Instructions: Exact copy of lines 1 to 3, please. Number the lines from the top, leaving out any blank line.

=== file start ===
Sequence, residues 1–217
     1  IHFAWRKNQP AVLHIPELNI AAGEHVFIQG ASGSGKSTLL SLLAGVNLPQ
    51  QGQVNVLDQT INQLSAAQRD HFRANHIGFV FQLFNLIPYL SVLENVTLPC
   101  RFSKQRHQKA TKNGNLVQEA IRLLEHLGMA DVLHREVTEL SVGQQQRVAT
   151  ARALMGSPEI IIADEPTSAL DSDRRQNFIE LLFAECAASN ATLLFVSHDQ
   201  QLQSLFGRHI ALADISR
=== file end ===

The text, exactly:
Sequence, residues 1–217
     1  IHFAWRKNQP AVLHIPELNI AAGEHVFIQG ASGSGKSTLL SLLAGVNLPQ
    51  QGQVNVLDQT INQLSAAQRD HFRANHIGFV FQLFNLIPYL SVLENVTLPC